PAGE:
Emmylou Harris & Rodney Crowell
Old Yellow Moon, the debut full-length collaboration between Americana paragons Emmylou Harris and Rodney Crowell, was nearly 30 years in the making. Crowell joined Harris' Hot Band in the mid-'70s, but despite all their harmonies, the two never created an album of their own. The bulk of Old Yellow Moon is worth considerable wait, as it finds Harris in heartbreaking form (the piano stunner "Back When We Were Beautiful") and Crowell in high spirits (the uproarious and upbeat "Bull Rider"). Its best moments, though, are reserved for those two voices, reaching out to one another like old friends and creating a sound that suggests both singers were born into this role. Harris and Crowell co-headline the bill with the Richard Thompson Electric Trio. Saturday, March 30, at Durham Performing Arts Center. $53.25–$74.25/8 p.m.
Lonnie Walker, Old Quarter
When Art Lord and the Self Portraits, the high-concept precursor of the more dance-driven Future Islands, reunited for one show in February, they asked an old East Carolina University pal to open. Since college in Greenville, Brian Corum had pushed his shuffle-and-sprint mix of indie rock and alt-country, Lonnie Walker, to ecstatic heights, with his loquacious lyrics wrapped around the increasingly tight and tense parts of his enthused backing band. Lonnie Walker has been conspicuously absent from area stages for more than six months, so Corum opened solo, relocating the same frazzled-nerve verve that epitomized Lonnie Walker's rapturous early sets. They finally return to the stage here, hopefully with the same lease of lucid energy Corum broadcast two months ago. Old Quarter lives up to the Townes Van Zandt reference of its name, pouring bracing pints of hurt from dusty bottles of country and rock. Also, Spooky Woods. Saturday, March 30, at Kings. $6/9:30 p.m.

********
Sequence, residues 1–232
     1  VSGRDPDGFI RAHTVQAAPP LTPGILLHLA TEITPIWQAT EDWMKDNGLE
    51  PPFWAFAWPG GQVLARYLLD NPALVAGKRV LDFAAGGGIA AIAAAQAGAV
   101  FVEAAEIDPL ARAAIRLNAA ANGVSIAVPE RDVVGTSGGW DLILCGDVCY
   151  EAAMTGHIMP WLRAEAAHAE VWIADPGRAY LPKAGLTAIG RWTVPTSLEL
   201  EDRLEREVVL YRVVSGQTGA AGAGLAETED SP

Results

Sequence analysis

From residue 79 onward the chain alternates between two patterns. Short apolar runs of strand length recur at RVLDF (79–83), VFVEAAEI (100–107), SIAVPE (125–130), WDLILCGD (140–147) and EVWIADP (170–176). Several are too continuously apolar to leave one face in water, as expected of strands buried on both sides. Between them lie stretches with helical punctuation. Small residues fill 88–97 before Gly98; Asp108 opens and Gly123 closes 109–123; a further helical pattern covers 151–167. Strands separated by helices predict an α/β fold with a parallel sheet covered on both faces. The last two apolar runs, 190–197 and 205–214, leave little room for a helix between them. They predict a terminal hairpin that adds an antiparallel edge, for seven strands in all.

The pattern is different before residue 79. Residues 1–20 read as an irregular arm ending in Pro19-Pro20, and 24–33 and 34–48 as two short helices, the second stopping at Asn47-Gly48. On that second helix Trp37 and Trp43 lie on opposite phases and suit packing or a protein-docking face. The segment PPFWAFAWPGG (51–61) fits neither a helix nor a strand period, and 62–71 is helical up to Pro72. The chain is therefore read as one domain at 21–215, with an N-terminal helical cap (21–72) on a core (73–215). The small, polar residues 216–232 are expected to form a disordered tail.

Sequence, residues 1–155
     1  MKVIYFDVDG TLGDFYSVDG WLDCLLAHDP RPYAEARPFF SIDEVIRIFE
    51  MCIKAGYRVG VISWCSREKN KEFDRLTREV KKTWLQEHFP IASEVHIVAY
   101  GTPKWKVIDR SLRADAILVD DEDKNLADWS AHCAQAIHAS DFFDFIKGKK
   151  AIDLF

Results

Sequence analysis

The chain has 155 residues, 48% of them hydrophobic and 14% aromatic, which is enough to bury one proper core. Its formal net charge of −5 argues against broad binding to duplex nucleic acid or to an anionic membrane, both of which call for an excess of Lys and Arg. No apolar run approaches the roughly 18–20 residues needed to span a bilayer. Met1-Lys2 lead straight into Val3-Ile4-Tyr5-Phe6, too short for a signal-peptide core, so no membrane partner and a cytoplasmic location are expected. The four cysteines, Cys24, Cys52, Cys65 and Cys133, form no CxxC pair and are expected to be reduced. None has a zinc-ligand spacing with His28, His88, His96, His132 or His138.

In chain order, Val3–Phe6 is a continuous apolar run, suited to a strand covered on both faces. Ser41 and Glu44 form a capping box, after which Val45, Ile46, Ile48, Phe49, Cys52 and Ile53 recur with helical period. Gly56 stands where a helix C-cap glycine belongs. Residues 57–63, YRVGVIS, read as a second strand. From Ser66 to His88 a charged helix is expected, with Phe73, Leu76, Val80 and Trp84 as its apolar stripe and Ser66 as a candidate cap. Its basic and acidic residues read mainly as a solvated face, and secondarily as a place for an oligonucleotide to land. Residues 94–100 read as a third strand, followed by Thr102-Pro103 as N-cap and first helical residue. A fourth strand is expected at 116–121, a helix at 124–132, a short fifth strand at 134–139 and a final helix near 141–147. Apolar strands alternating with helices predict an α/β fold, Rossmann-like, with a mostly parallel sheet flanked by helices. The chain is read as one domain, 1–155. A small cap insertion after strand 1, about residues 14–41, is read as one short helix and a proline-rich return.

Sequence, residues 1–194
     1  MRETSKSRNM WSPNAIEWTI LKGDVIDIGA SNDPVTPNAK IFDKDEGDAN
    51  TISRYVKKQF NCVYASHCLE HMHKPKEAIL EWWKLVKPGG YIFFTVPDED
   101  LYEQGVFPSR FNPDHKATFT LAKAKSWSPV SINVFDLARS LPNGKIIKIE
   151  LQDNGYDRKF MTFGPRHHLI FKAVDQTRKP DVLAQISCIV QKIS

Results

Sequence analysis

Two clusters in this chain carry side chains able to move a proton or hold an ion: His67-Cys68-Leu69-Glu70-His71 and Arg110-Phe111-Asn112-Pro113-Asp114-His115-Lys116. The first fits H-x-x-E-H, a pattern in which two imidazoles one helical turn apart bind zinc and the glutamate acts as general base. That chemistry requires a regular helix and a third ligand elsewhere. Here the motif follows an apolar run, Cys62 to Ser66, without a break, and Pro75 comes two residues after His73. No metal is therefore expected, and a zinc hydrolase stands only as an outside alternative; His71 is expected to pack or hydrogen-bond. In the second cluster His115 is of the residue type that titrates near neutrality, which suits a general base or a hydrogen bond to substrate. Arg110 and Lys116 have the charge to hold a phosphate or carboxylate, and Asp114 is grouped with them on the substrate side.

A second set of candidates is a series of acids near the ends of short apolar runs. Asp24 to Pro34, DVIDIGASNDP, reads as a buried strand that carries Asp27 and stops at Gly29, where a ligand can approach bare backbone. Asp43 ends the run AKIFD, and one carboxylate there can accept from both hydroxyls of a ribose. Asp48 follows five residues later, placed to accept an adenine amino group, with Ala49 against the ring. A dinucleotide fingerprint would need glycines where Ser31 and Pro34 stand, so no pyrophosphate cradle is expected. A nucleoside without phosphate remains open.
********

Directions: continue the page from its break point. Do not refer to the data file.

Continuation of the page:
Because LCD Soundsystem frontman and general credibility trust fund James Murphy produced their 2010 debut LP, Free Energy has long been beset by unfair expectations. Detractors have sniped their unbridled élan and undetectable irony, seemingly demanding that their love of big, dumb rock 'n' roll and instant hooks be put to some grander postmodern use. Fuck that: Free Energy use slick riffs, sufficient woodblock and several woo-hoos to make narcotic pop-rock that suggests your mom, your dad or you cruising the streets, top-down, with school out for summer. Sure, their second LP, Love Sign, deals with adult emotions and squashes claims of suspended adolescence. But for the moment, just shut up and jump in. Thursday, March 28, at Kings. $8–$10/9 p.m.
For nearly three centuries, fado has served as a syndicate of gorgeous sadness, with songs of loss and despair offered above intertwining instrumental lines of the pear-shaped, brightly pitched Portuguese guitar. But the form's acceptance and widespread popularity has taken its time, a lesson underlined by the rise of fadista Ana Moura. A personal performer who depends upon a parlor-sized intimacy even when sharing a stage with The Rolling Stones, Moura offers these mournful tunes in great cresting flutters, her back-room tone trembling just long enough for it to take off. She rose through fado's late-night club ranks to be one of the form's current and most captivating stars. Friday, March 29, at Carolina Theatre. $10–$42/8 p.m.
Carrboro singer-songwriter Wesley Wolfe came quickly from the gates, releasing two very good albums of mildly misanthropic yet somehow affable folk-rock in less than 18 months. Since September 2011's Cynics Need Love Too, however, his attention has largely shifted to his Tangible Formats label and his newfound vocation of individually lathe-cut records. But he's purportedly working on new material, and this early-evening showcase presented by WXYC 89.3 FM should give him a chance to try some of it. Ben Davis & the Jetts open with their urgent and irascible songs, which are heavy enough to be shaped like post-rock but charged and concise enough to be sized like post-punk. Also, Ye Olde Shoppe. Sunday, March 31, at Chapel Hill Underground. Free/5 p.m.